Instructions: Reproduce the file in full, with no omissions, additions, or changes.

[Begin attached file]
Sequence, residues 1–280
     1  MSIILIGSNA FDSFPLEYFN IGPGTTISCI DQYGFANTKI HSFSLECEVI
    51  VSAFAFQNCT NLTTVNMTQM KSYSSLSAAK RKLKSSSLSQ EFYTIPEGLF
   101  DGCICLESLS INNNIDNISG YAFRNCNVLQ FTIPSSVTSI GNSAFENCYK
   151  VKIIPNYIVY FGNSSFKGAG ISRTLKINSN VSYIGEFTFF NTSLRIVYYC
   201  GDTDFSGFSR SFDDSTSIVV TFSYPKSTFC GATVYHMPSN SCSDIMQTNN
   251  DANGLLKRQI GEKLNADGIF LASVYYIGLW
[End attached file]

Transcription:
Sequence, residues 1–280
     1  MSIILIGSNA FDSFPLEYFN IGPGTTISCI DQYGFANTKI HSFSLECEVI
    51  VSAFAFQNCT NLTTVNMTQM KSYSSLSAAK RKLKSSSLSQ EFYTIPEGLF
   101  DGCICLESLS INNNIDNISG YAFRNCNVLQ FTIPSSVTSI GNSAFENCYK
   151  VKIIPNYIVY FGNSSFKGAG ISRTLKINSN VSYIGEFTFF NTSLRIVYYC
   201  GDTDFSGFSR SFDDSTSIVV TFSYPKSTFC GATVYHMPSN SCSDIMQTNN
   251  DANGLLKRQI GEKLNADGIF LASVYYIGLW